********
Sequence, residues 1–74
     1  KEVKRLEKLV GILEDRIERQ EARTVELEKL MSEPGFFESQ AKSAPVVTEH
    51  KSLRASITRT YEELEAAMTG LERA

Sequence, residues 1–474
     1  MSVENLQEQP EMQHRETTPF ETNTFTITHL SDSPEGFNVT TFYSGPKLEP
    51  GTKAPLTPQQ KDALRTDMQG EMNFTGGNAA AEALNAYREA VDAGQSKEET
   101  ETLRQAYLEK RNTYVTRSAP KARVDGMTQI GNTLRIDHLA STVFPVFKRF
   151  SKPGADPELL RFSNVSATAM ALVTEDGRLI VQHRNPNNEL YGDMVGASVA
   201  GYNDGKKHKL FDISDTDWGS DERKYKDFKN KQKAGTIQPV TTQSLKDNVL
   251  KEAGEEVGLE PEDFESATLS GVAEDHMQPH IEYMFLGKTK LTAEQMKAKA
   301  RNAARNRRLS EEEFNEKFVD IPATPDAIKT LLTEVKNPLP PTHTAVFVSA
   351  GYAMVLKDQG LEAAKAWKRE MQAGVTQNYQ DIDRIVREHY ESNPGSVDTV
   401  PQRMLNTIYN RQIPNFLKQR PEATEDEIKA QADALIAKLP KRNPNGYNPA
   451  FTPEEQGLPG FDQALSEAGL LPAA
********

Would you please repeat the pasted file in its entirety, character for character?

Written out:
Sequence, residues 1–74
     1  KEVKRLEKLV GILEDRIERQ EARTVELEKL MSEPGFFESQ AKSAPVVTEH
    51  KSLRASITRT YEELEAAMTG LERA

Sequence, residues 1–474
     1  MSVENLQEQP EMQHRETTPF ETNTFTITHL SDSPEGFNVT TFYSGPKLEP
    51  GTKAPLTPQQ KDALRTDMQG EMNFTGGNAA AEALNAYREA VDAGQSKEET
   101  ETLRQAYLEK RNTYVTRSAP KARVDGMTQI GNTLRIDHLA STVFPVFKRF
   151  SKPGADPELL RFSNVSATAM ALVTEDGRLI VQHRNPNNEL YGDMVGASVA
   201  GYNDGKKHKL FDISDTDWGS DERKYKDFKN KQKAGTIQPV TTQSLKDNVL
   251  KEAGEEVGLE PEDFESATLS GVAEDHMQPH IEYMFLGKTK LTAEQMKAKA
   301  RNAARNRRLS EEEFNEKFVD IPATPDAIKT LLTEVKNPLP PTHTAVFVSA
   351  GYAMVLKDQG LEAAKAWKRE MQAGVTQNYQ DIDRIVREHY ESNPGSVDTV
   401  PQRMLNTIYN RQIPNFLKQR PEATEDEIKA QADALIAKLP KRNPNGYNPA
   451  FTPEEQGLPG FDQALSEAGL LPAA